Dystrophic epidermolysis bullosa, or DEB, is an incurable, often fatal skin blistering condition caused by a lack of collagen protein in the skin. It is caused by mutations in the gene coding for type VII collagen, or COL7, a major component of the anchoring fibrils, which anchor the epidermis to the underlying dermis, and provide structural adhesion in a normal individual. The lack of COL7 in DEB patients causes blisters to occur in the dermis as a result of separation from the epidermis. This makes the skin incredibly fragile, leading to blistering or skin loss at the slightest friction or knock. It is progressive and incredibly painful.
The most severe form of DEB is recessive DEB, or RDEB, which is caused by null mutations in the COL7A1 gene. DEB also occurs in the form of dominant DEB, or DDEB, which is considered to be a milder form of DEB. There are no known treatments, which affect the outcome of either form of the disease, and the current standard of care for DEB patients is limited to palliative treatments. Krystal is developing KB-103 for the treatment of the broad DEB population, including both recessive and dominant forms of the disease.
About Lamellar Ichthyosis
Lamellar ichthyosis (LI) is an autosomal recessive disorder that is apparent at birth and is present throughout life. There are 22 known types of LI, a number of which are known to be caused by defects in one of several skin-related genes. LI usually appears in the first few days of life, lasts lifelong and in certain variants can be very severe. A newborn with LI is born encased in a collodion membrane that sheds within 10-14 days. The shedding of the membrane reveals generalized scaling with variable redness of the skin. The scaling may be fine or plate-like, resembling fish skin. Although the disorder is not life threatening, it is quite disfiguring and causes considerable psychological stress to affected patients. There are no approved treatments for LI and the current standard of care remains palliative treatments to manage symptoms.
About the STAR-D Gene Therapy Platform
Krystal has developed a proprietary gene therapy platform, the Skin TARgeted Delivery platform, or STAR-D platform, that consists of an engineered viral vector and skin-optimized gene transfer technology, to develop off-the-shelf treatments for dermatological diseases. The company believes that the STAR-D platform provides an optimal approach for treating dermatological conditions due to the nature of the HSV-1 viral vector it has created. Certain inherent features of the HSV-1 virus, combined with the ability to strategically modify the virus in the form employed as a gene delivery backbone, provide the STAR-D platform with several advantages over other viral vector platforms for use in dermatological applications.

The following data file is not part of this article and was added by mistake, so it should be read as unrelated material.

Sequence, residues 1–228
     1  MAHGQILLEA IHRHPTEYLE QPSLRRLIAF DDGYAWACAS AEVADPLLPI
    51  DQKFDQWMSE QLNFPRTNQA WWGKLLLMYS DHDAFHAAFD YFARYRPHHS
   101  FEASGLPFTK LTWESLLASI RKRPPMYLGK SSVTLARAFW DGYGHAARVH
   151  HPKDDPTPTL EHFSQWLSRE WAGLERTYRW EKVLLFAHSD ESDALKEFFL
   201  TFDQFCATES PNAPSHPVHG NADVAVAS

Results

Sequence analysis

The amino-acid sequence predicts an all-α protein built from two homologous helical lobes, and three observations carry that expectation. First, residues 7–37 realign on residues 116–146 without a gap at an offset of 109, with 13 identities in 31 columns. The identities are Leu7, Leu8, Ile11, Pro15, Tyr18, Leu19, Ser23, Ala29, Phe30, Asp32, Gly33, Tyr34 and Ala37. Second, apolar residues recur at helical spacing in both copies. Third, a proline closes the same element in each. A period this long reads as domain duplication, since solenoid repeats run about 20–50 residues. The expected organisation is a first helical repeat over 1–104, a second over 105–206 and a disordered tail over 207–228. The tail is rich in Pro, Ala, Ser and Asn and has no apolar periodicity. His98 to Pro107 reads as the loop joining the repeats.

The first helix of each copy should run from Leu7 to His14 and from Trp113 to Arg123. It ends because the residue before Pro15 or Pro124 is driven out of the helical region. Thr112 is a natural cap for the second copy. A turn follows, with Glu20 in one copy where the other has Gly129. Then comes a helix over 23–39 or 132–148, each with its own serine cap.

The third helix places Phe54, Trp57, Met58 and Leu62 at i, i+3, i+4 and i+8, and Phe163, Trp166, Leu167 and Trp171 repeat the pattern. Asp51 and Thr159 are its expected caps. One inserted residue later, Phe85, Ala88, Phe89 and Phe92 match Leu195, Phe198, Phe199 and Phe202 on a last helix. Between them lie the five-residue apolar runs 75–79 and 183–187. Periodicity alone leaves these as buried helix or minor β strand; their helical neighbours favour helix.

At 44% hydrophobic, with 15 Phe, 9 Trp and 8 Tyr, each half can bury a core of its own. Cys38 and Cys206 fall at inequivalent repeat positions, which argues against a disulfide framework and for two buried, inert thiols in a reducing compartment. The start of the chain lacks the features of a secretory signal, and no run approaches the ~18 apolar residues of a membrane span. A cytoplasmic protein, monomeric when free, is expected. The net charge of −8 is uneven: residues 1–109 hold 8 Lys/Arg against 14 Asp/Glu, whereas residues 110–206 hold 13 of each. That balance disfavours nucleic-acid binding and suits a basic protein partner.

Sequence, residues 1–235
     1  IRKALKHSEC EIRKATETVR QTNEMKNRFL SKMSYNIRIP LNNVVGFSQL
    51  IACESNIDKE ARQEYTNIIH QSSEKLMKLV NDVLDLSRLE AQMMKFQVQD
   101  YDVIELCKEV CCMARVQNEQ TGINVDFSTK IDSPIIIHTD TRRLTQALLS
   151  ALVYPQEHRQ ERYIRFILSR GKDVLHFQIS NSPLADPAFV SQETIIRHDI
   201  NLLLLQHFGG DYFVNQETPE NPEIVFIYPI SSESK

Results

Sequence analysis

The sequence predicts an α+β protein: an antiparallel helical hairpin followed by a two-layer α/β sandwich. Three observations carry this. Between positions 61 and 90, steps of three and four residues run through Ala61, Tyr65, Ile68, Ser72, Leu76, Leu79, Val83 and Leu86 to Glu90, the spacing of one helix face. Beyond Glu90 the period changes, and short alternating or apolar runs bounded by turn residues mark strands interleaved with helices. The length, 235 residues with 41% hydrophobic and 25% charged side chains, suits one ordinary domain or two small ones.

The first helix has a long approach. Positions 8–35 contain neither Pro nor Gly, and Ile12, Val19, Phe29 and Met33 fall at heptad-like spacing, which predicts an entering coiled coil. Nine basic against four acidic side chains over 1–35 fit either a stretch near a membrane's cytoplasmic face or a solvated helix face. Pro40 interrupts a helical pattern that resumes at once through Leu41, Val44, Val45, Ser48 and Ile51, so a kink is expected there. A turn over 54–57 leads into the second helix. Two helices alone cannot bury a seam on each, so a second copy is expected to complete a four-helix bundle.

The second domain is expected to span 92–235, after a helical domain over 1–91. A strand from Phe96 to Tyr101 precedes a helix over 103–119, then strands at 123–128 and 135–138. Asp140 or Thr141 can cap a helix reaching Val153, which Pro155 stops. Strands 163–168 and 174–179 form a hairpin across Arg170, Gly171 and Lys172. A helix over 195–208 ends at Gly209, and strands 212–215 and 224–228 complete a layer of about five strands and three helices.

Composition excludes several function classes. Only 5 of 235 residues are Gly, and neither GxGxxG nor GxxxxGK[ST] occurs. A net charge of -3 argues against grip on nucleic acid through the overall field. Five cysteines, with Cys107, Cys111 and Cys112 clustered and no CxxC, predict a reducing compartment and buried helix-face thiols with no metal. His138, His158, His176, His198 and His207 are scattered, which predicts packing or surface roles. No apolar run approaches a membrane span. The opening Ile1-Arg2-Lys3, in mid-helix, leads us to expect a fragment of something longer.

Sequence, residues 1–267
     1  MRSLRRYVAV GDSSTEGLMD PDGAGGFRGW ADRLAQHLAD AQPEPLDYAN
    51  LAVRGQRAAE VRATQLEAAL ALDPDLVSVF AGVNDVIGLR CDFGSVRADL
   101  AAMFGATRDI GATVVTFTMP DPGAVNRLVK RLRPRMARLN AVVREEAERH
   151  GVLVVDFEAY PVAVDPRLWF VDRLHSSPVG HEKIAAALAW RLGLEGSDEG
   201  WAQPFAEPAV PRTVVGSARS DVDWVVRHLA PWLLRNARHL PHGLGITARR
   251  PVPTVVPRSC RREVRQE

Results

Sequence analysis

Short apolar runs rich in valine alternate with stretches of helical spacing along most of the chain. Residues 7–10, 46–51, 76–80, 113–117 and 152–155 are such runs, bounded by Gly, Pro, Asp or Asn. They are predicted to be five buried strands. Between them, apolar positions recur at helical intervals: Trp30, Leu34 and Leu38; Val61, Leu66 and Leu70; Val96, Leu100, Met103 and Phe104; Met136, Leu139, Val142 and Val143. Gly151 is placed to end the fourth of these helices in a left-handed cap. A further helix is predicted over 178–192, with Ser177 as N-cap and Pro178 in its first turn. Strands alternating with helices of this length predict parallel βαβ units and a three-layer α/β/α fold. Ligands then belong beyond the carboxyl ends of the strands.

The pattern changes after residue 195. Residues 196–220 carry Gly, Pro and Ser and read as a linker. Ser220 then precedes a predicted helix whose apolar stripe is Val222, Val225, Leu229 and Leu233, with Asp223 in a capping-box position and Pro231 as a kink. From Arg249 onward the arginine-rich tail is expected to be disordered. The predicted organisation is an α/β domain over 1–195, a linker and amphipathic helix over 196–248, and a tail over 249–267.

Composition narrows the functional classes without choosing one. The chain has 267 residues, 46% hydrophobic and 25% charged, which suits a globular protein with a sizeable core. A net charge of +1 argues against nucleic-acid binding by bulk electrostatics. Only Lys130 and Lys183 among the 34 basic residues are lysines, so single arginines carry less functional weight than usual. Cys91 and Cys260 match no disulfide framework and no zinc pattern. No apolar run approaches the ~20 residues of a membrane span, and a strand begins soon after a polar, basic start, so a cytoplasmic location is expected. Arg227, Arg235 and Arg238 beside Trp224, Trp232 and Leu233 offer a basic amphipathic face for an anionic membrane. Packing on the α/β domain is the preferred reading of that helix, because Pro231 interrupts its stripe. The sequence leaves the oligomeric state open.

About Krystal Biotech
Krystal Biotech, Inc. (NASDAQ:KRYS) is a gene therapy company dedicated to developing and commercializing novel treatments for patients suffering from dermatological diseases. For more information, please visit https://www.krystalbio.com.
This press release includes certain disclosures that contain “forward-looking statements,” including, without limitation, statements regarding the development of our product candidates, including KB103 and KB105, including statements regarding our plans to initiate a clinical trial of KB103 in 2018 and to file an IND for KB105 during this calendar year and our plans to develop a GMP manufacturing facility over the next 12 months. You can identify forward-looking statements because they contain words such as “believes” and “expects.” Forward-looking statements are based on Krystal’s current expectations and assumptions. Because forward-looking statements relate to the future, they are subject to inherent uncertainties, risks and changes in circumstances that may differ materially from those contemplated by the forward-looking statements, which are neither statements of historical fact nor guarantees or assurances of future performance. Important factors that could cause actual results to differ materially from those in the forward-looking statements are set forth in Krystal’s periodic filings with the Securities and Exchange Commission, including its registration statement on Form S-1 and its Form 10-K, under the caption “Risk Factors.”
Ashley R. Robinson